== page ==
Republicans are seeing red following the Obama administration's decision to relinquish control of the Internet to the "international community." The move is "red meat for the base," former Republican California congresswoman Mary Bono told Politico, another club the party can use to hammer President Obama on foreign policy.
The United States has been in administrative “control” of the Internet through the Department of Commerce’s decade-long partnership with the Internet Corporation for Assigned Names and Numbers (ICANN), which operates the Internet’s domain-name system. But the contract ends at the end of 2015, and ICANN is trying to free itself of U.S. ties, report Jessica Myers and Eric Mershon at Politico. In part, that's due to concerns about NSA surveillance revealed by Edward Snowden. On Friday, the department announced it would end its partnership with ICANN, allowing the agency to exist outside of U.S. government control.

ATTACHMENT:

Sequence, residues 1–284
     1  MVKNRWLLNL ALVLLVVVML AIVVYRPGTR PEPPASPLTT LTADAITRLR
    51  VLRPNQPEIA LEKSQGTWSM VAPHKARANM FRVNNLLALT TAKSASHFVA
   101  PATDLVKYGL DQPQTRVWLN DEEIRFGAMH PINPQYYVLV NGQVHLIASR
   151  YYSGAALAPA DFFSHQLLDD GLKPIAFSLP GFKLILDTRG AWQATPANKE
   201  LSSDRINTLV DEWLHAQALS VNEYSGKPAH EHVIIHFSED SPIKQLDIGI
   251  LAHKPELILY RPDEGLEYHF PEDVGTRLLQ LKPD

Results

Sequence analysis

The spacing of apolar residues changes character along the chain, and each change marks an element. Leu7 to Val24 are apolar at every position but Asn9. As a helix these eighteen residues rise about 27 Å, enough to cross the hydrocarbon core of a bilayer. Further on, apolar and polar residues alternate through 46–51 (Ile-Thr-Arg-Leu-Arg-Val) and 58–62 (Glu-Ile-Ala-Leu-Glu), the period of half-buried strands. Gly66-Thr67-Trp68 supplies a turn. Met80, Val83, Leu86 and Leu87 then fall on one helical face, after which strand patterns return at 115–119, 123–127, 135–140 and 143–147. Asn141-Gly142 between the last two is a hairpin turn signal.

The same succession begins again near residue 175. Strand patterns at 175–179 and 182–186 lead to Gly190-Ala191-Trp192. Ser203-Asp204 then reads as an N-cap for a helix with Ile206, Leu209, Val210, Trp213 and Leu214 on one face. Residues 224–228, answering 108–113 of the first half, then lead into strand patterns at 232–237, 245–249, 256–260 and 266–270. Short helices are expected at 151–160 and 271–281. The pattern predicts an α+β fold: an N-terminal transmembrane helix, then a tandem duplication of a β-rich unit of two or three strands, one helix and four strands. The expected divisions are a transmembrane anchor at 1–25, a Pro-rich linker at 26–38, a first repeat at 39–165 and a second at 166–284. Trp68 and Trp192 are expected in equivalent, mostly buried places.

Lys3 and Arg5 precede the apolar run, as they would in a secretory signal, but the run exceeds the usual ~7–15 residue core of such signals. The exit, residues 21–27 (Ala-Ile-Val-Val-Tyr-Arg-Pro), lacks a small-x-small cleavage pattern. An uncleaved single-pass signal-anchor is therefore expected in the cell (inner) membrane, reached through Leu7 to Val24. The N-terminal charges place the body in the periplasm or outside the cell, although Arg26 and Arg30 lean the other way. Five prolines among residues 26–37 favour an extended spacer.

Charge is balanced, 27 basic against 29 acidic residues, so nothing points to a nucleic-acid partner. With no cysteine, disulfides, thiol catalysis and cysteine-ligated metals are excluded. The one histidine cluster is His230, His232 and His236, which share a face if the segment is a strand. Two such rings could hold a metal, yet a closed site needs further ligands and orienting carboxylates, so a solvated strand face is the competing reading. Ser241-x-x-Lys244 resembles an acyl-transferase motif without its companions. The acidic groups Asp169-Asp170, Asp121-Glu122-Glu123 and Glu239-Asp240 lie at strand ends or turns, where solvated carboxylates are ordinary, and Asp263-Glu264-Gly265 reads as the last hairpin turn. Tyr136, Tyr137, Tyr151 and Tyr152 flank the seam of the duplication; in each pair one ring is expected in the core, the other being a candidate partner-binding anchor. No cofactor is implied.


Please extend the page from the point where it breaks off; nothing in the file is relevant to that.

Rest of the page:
Republicans see this as another mistake on the part of President Obama, for several reasons. The instability in and around Russia in particular has stoked the GOP’s deepest fears that the Internet — a key component of the First Amendment — could fall into the wrong hands. “We’re at a critical time where [Russian President Vladimir] Putin is proving he is capable of outmaneuvering the administration,” Bono said. “Anyone frustrated with the UN Security Council could take a look at this [proposal] and recognize potential problems." The UN is another worry, the constant, simmering concern that it will one day trump the laws of the United States.